2014: the year writers become sellers

2014: the year writers become sellers

This is our second prediction for 2014. Keep up to date with the next ones here.

The past few years have seen retailers storm into the world of content, grab it by the baubles and stuff it like a turkey. That's why Tesco Magazine is now the most read publication in the UK. Bigger than The Daily Mail. Bigger than The Sun. Bigger than The Daily Prophet. Amazing.

And it's not just print media. Retailers have started dominating the world of online content, too - be that bespoke recipes from Heston and Delia on the Waitrose website or the uniquely useful product videos at Appliances Online. So... where do old-fashioned content players fit into this? How do the newspapers and the magazines and even the blogs compete?

They compete by dishing out a dose of the same medicine, that's how. If retailers are going to do content, content producers need to reciprocate by doing retail. And they're uniquely positioned to do it, too - with amazing audiences, established positions of authority and unique sway with brands and suppliers. But a commercial play won't work if content producers just try to bolt some crumby old affiliate store onto their websites. They


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Are you actually doing social commerce? Five simple tests.

Five ways to tell your social commerce campaign isn't actually social commerce 

Hey, look! It's a Friday! That must mean yet another company unveiling its great new social commerce campaign which ISN'T ACTUALLY SOCIAL COMMERCE.

NB: this also happens on other weekdays plus, occasionally, if the agency who've been commissioned to come up with this stuff are charging enough, Saturdays and Sundays.

It seems that social commerce is the buzziest of buzzing buzz trends right now, but very few people are doing it right. So, here's our top five ways to tell that your social commerce campaign isn't actually social commerce.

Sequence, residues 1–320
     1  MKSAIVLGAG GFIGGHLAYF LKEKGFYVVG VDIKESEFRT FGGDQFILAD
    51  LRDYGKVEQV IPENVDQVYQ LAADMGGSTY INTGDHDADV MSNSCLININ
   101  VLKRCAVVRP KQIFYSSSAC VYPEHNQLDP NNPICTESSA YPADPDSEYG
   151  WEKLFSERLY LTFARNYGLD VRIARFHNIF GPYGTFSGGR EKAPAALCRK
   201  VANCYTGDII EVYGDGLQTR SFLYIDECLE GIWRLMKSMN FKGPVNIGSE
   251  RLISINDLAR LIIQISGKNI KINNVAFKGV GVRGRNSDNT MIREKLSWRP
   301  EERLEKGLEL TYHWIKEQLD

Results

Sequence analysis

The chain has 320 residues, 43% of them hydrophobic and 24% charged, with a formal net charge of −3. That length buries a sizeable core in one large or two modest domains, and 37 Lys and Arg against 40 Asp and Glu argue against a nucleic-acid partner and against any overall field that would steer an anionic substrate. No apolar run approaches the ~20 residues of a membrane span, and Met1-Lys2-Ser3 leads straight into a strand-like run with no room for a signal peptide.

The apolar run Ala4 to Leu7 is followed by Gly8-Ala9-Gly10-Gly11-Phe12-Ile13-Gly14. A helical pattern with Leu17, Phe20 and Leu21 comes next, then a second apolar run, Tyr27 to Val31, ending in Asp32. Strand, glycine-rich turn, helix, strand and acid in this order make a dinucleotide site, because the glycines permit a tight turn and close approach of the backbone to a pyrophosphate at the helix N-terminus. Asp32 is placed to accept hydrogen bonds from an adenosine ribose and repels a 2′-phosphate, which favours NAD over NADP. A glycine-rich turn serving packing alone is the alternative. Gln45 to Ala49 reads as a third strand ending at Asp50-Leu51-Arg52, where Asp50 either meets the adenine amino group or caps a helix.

1. There's no actual in-situ commerce

Linking to your bog-standard e-commerce site from a YouTube video isn't social commerce. It's social marketing. Stop trying to pretend it's anything new.

2. User reviews, if-you-like-this-then-you'll-like-this widgets, Facebook commenting on product pages, Pinterest boards, etc...

These are all social things in and around the world of commerce. And that's wonderful. But it's not social commerce. It's still just social.

3. You're selling stuff just like usual but... wait for it... you've set up a store in Facebook!

That's F-Commerce and everyone realised ages ago that it's a stinker. Step away...

4. Every purchase is a solo activity

That's like calling a ready-meal-for-one a dinner


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'Customer' reviews are often fake. Social advocacy NEVER is.

Online reviews mean nothing. Social advocacy is everything.

Never move house. Just don't do it. You pay a fortune to own the same old stuff in a different place. And then, to cap it off, your better half decides that you need a new washing machine when everyone knows it's perfectly adequate just to take your smalls down to a riverbank and whack them with a stick.

Yeah, I'm feeling the pinch.

Anyway... buying a washing machine. With a million online shops and a trillion online 'customer' reviews, you'd have thought picking a brand, model and retailer would be a doddle. Well, guess what? It ain't. And that's mainly because you just can't trust what you read in online reviews anymore - why else would one retailer have 59 negative reviews on ciao.co.uk with barely any positives, but almost exactly the opposite on Google seller reviews?

The problem is: online reviews are so scammed by businesses hyping themselves and slating their rivals that it's next to impossible to figure out what's a genuine, balanced perspective from a real consumer and what's 'seed content' or 'tactical interference'.

Everyone really is a critic... including the shops themselves.

Luckily, the one thing you just can't fix is social advocacy


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